The US Securities and Exchange Commission (SEC) adopted a new short selling rule on February 24, 2010. The new rule is intended to promote market stability and preserve investor confidence during periods of stress and volatility by restricting short sellers from being able to drive the price of a stock further down when it is already experiencing downward pressure. Short selling involves the sale of stock that an investor does not own or has borrowed, where the investor intends to profit by buying the stock back at a price that is lower than the price of the short sale. While acknowledging that short selling may be useful in that it can promote market liquidity and pricing efficiency, the SEC cautions that it may also be used to "improperly drive down the price of a security or to accelerate a declining market in a security."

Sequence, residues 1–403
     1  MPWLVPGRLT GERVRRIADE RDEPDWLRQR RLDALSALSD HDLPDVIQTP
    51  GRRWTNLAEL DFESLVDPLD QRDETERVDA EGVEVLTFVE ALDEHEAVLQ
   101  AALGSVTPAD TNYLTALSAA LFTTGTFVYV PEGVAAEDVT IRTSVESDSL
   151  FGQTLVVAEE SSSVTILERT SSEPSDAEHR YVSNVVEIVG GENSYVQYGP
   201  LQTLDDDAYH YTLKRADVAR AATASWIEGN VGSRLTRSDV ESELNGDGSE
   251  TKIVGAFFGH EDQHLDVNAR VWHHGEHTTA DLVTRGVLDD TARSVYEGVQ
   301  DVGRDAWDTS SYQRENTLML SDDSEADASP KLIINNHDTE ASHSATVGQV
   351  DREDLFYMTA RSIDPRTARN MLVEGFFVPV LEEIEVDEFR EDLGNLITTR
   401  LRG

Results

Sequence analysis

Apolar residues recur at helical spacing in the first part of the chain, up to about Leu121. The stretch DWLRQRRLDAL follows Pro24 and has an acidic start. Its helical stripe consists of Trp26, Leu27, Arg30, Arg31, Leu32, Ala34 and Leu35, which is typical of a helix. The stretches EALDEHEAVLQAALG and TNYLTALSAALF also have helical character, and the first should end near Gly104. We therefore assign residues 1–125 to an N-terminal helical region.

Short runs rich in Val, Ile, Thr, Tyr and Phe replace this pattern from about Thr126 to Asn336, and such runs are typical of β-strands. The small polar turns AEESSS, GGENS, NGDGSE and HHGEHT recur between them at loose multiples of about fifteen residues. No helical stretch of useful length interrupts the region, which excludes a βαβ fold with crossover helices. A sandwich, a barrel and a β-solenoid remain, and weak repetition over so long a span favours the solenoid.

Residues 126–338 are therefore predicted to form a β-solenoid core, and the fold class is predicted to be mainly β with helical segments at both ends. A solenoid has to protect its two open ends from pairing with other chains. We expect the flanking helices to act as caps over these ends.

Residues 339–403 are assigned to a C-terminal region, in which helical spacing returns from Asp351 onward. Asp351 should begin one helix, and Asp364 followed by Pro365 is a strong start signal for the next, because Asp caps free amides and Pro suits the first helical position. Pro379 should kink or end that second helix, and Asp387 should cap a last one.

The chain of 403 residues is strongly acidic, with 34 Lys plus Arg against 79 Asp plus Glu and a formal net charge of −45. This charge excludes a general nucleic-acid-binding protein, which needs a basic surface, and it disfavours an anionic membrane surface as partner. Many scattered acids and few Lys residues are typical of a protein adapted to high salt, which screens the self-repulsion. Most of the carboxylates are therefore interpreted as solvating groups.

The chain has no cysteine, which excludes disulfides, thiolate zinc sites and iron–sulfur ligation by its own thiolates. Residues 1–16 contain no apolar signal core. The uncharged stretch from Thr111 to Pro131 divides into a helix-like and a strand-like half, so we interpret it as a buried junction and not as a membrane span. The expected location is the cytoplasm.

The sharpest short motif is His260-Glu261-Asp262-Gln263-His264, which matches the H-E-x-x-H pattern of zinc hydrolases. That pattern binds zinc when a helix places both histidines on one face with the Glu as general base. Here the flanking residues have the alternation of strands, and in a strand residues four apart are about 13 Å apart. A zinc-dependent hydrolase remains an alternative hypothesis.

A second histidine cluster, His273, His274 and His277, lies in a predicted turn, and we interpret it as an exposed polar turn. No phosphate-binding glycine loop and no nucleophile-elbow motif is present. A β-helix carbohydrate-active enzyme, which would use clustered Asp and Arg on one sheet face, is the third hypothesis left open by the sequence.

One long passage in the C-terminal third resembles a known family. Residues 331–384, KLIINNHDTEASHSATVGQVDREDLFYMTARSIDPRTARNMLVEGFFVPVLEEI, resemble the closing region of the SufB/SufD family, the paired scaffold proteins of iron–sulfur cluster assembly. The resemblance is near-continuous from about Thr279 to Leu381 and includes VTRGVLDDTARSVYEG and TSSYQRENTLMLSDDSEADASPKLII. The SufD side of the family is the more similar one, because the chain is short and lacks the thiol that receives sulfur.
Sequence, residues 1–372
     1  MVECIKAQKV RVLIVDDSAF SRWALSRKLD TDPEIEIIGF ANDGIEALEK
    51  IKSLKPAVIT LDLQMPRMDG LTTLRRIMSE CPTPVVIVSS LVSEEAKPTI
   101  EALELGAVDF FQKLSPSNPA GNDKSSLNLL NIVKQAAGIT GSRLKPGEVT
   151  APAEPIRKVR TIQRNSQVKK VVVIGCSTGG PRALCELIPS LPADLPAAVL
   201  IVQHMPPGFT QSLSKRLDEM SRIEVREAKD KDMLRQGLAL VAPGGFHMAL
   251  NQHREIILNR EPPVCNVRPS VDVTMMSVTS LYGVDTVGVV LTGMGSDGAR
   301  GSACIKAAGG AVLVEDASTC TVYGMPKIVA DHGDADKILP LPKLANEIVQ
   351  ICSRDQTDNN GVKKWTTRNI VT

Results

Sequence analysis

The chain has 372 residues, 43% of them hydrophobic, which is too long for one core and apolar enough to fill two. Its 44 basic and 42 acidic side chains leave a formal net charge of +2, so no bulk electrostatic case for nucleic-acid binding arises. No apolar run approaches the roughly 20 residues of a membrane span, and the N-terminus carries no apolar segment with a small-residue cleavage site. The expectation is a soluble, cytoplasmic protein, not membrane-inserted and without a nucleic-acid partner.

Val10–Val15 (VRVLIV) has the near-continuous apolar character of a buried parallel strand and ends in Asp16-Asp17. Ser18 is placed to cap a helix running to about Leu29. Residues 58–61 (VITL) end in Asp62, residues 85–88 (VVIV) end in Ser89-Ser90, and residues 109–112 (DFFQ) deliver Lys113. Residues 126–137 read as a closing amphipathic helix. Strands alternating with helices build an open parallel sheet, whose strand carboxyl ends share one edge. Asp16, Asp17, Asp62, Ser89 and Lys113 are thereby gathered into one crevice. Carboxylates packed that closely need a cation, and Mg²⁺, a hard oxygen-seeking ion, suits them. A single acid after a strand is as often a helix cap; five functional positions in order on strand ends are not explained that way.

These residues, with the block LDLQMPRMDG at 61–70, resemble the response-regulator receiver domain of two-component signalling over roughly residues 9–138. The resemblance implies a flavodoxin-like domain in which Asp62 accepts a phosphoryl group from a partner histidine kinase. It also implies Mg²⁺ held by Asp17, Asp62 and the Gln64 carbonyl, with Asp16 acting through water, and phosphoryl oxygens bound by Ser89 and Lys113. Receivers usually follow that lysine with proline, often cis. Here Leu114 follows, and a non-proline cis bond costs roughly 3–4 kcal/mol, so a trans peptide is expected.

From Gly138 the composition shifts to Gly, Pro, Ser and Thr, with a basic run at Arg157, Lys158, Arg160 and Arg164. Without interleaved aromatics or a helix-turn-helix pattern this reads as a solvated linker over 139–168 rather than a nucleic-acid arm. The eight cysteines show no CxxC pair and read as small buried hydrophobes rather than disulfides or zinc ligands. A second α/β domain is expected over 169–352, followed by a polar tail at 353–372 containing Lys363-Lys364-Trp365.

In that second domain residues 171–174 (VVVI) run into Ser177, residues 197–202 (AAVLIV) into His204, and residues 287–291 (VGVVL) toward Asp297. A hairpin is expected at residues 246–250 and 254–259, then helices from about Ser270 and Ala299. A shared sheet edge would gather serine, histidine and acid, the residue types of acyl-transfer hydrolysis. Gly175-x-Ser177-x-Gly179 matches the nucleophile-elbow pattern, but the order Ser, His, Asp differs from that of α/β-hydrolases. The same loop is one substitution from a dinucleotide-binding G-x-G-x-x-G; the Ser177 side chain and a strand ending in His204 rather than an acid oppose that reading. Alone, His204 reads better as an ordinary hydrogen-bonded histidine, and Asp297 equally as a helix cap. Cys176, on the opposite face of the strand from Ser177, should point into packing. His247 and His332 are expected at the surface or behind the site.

The SEC considered various options over the course of the last year to address its concerns regarding short selling and has decided to implement an alternative uptick rule that would restrict short selling when the price of a security has fallen more than 10% in one day. This restriction would remain in effect for the remainder of the day as well as the next day and under such a scenario, short selling would only be permitted if the price of the security was above the current national best bid. The rule will apply to all equity securities that are listed on a national securities exchange, whether traded on an exchange or in the over-the-counter market, and requires trading centers to establish, maintain, and enforce written policies and procedures that are reasonably designed to prevent the execution or display of a prohibited short sale. The rule will become effective 60 days after its publication in the Federal Register, while market participants will have six months to comply with its requirements.